The stinking slums of Makurdi
The filth in some slums in Makurdi, Benue State capital, has been raising concern with many describing it as an eyesore and a dent on the image of the city. Among the areas that are mostly affected by the filth are Wadata, North Bank and Wurukum. An assemblage of gaudy, rickety shackles called houses and dirt coated surroundings await anyone visiting these places. The tiny path walkways are laced with sand soaked dispensed cellophane bags emptied of their contents.
The abattoir behind the Wurukum slum just down the new North Bank Bridge indeed also contributes to the acrid stench that choke people.
On the left side of the bridge, the spot serving as the collection point of wastes of slaughtered cows and other livestock is just by the road northward of the city location, which flows into the River Benue.
Worst still, the mound of refuse dotting the landscape of the Wadata axis of the town located in the densely populated Hausa quarters is believed to have been battled for years to be cleared by the sanitation authorities.
At certain locations of the city, between the old railway bridge and the North Bank, a deluge of waste begging for clearance has submerged some refuse dump sites and incinerators-looking containers constructed by the old Benue State government.
The roads leading into these areas are filthy and at some points packed with sand. In addition, potholes and blocked drainage compound the roadside filth, which instantly removes from the town’s look the admiration that should attend a state capital city of Makurdi’s standing.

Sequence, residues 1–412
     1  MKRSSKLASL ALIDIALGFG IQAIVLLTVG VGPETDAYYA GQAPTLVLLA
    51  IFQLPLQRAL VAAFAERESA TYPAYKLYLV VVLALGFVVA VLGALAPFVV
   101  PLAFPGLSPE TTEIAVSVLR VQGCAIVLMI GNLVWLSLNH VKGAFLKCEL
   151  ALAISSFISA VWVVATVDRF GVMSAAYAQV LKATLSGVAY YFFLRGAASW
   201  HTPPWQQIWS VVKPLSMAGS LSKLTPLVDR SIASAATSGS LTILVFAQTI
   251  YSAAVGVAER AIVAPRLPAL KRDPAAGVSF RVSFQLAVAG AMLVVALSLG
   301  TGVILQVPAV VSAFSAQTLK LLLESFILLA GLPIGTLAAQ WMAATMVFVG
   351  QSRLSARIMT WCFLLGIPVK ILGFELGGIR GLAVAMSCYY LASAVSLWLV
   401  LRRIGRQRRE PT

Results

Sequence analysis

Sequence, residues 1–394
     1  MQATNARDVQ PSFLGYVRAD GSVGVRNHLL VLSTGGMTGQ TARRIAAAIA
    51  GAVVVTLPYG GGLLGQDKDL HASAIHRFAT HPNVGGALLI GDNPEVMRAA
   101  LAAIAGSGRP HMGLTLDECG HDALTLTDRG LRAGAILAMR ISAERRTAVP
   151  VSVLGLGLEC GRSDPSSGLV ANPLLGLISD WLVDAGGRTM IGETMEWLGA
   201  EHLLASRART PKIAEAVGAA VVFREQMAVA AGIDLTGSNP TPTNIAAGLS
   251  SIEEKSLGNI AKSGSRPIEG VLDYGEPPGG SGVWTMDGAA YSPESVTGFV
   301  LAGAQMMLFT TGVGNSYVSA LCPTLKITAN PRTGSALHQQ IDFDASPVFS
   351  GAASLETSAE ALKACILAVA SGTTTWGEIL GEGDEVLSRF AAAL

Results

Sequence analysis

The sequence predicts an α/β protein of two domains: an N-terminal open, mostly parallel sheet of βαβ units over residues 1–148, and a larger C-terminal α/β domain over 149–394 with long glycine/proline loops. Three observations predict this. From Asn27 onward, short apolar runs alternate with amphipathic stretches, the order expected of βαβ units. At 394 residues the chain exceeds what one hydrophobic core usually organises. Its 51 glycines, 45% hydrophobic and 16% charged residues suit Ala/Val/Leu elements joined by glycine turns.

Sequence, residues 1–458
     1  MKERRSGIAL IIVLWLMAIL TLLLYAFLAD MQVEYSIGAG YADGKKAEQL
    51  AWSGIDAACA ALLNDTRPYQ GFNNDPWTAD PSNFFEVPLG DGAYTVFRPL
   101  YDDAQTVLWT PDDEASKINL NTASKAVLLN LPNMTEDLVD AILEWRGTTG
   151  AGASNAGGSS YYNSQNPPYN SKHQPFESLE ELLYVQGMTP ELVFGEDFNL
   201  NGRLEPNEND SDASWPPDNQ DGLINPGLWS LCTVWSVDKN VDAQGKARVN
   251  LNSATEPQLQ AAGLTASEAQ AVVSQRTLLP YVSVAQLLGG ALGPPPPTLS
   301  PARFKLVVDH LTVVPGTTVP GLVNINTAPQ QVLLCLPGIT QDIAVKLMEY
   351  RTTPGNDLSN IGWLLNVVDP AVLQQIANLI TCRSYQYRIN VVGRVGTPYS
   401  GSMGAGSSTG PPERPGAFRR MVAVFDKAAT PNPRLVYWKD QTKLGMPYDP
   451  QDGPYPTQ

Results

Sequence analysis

Human waste litter the waterfront in all the three slums where open daefecation is a common sight. In fact, the channels across which the bridge spans is a collection of all sorts of wastes disposed indiscriminately.
Motorists and pedestrians will do themselves a lot of good to cover their nose while passing through the areas with a piece of handkerchief to subdue the smell that emits from the wastes.
The filth phenomenon, however, invades virtually every street in the city areas where most of the the low-income earners live. The stench oozing out from the slums in Wadata, Wurkum and North Bank areas of the city, no doubt, runs counter to the living conditions of the people. The refuse collection points in these locations now constitute health hazards because wastes are not collected.
The filth is such that threatens some buildings in the vicinity, where even the walls of the buildings are soaked not with rainfall but water from the drainage. Some of the houses in these places directly face pit toilets.
Little wonder, the recent outbreak of cholera in the state was first noticed in such areas, killing many people and forced the Ministry of Health to declare a whole week of emergency on sanitation in the three affected slums.
The state Director of Health, Dr. Joseph Kumba, who expressed his disgust at the poor sanitary condition in those areas, disclosed during a one-day sensitisation workshop for health care givers at the Federal Medical Centre, Makurdi, that the cholera epidemic was common in those neighborhoods because of their dirty surrounding.